A major advantage of digital photography is being able to easily rewrite history – you can make changes to the photos before printing or displaying. There are a variety of software packages that will allow you to do this – some photo album software will allow simple touch-ups, like Google’s Picasa, Apple’s iPhoto or LView, while more complex packages offer more diverse editing flexibility and more professional results, such as Adobe Photoshop, or Corel Paint Shop Pro. Most software packages offer inline help features and tutorials to guide you through these techniques and more.
Elimination of red-eye
Common edits to photos include the elimination of red-eye, which many software packages can do with a simple click of a button, and the removal of an unwanted item from a scene, like a stray swimmer or unwanted car on the road – this is called cloning, where the software samples one section of the image to replace the other. By using parts of the original image, the colouring and texture are the same, so results are good enough to fool almost anybody. Another common touchup is to adjust the amount of light that was available when the photo was originally taken – literally, changing how bright some colours are to others, and how bright the image looks overall. For example, this can make a dark photo look brighter, or a dull photo more vivid.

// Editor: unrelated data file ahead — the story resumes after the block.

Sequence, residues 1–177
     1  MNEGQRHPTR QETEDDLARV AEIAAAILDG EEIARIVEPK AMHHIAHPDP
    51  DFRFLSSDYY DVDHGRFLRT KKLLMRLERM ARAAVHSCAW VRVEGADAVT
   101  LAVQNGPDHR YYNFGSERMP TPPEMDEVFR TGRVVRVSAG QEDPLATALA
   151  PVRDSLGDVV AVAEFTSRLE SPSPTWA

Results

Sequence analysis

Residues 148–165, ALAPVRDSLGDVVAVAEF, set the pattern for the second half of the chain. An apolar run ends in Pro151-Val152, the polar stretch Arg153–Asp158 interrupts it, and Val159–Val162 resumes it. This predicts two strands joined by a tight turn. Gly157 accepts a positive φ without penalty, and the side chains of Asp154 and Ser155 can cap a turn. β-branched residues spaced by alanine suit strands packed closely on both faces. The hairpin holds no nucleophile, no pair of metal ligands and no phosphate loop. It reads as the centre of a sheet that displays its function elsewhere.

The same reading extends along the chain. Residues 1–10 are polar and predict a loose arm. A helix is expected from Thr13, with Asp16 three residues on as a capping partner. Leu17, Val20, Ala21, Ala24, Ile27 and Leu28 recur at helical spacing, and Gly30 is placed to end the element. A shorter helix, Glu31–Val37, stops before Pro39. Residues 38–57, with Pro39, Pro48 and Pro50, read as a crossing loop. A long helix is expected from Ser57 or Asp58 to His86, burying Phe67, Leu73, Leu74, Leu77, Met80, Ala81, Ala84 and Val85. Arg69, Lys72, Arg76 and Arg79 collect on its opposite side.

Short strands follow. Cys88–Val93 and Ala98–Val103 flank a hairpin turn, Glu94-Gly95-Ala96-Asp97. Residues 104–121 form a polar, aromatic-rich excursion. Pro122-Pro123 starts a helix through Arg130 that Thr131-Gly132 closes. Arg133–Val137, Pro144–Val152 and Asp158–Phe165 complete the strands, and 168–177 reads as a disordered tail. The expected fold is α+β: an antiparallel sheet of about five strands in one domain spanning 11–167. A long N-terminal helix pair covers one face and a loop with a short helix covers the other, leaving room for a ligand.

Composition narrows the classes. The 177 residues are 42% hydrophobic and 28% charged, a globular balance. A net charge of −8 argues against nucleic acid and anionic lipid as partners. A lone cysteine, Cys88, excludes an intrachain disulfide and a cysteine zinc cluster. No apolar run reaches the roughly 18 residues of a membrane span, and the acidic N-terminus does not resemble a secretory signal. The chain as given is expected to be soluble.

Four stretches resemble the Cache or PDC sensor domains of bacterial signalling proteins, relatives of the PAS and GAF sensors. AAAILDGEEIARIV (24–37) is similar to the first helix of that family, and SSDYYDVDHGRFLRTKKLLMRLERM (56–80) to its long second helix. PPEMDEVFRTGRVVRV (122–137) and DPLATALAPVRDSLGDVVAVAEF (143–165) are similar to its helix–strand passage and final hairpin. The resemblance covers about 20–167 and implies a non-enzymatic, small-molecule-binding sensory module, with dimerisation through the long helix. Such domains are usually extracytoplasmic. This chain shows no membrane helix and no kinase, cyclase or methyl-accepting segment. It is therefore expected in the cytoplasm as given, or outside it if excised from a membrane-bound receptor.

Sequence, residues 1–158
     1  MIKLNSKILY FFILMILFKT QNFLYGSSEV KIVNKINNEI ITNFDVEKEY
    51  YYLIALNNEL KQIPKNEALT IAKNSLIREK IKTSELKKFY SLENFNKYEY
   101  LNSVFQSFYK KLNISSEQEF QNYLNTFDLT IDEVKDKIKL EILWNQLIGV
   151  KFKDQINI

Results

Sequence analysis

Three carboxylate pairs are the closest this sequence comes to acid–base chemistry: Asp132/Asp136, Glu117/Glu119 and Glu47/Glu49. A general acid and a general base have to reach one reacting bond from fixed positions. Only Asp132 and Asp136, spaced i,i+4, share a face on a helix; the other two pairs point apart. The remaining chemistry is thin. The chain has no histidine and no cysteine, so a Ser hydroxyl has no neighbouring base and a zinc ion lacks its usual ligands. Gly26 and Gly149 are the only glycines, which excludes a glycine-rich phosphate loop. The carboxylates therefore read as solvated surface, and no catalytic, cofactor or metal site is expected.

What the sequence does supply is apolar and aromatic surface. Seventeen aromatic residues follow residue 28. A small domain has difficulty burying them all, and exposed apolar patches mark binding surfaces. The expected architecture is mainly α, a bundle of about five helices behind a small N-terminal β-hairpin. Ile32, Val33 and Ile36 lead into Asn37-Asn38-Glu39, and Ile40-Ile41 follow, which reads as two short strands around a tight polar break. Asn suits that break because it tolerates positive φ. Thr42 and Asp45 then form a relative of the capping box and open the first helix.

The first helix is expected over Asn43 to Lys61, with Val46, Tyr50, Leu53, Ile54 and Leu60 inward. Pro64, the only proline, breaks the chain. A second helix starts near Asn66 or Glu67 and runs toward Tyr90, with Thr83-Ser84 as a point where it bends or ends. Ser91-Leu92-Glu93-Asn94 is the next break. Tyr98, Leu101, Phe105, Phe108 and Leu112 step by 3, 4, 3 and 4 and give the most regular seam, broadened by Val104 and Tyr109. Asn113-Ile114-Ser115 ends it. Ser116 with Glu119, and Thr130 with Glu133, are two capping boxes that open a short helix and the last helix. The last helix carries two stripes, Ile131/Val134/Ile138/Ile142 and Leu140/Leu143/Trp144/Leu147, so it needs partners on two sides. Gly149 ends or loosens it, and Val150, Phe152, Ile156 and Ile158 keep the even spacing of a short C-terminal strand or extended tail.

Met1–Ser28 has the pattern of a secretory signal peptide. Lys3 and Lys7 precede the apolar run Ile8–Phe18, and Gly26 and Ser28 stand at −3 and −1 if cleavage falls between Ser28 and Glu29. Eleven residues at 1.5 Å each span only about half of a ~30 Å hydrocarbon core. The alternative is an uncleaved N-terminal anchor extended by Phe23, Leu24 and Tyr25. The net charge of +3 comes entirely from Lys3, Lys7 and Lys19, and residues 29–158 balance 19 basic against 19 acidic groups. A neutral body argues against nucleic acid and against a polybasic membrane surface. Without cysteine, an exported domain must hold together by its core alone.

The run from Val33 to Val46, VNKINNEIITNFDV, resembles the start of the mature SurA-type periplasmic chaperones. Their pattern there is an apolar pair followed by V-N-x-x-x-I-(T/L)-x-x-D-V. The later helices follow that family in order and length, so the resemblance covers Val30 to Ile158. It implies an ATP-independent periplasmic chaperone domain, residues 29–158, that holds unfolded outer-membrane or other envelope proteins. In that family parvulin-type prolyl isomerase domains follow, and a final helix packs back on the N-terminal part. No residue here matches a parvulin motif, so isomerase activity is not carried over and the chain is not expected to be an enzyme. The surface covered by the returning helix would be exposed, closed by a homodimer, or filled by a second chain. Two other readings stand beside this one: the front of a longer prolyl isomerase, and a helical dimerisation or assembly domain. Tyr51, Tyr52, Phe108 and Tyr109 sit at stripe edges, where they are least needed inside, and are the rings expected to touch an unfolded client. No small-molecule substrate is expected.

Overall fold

Rotating your photographs
Another simple correction that can be made is to rotate the photo so that the horizon or objects captured appear straight. This is often more than simply rotating the image 90 degrees one way or the other, from portrait to landscape, but instead levelling the photo so that it looks straight. Because of the perspective of the photo, it may not be possible to make everything level at once, so you should use the horizon as your ruler, or take a dominant object in the scene, like a person or building, and use that as a guide.
Trim off unwanted parts
Cropping can be another powerful editing tool, especially with newer cameras that have a greater resolution (giving you a larger source image to work from). Cropping trims off unwanted parts of the photo leaving you with the parts you want to keep. This can have a significant effect on the photo, since you can change the balance, composition and drama of a photo, for example, in a photo where a subject was centred, you can crop off more on one side to align objects with the rule of thirds, or remove portions of the background, like a building, tree or stray person. You can also crop a photo to change it from landscape to portrait, leading to a more interesting picture than the one you originally took.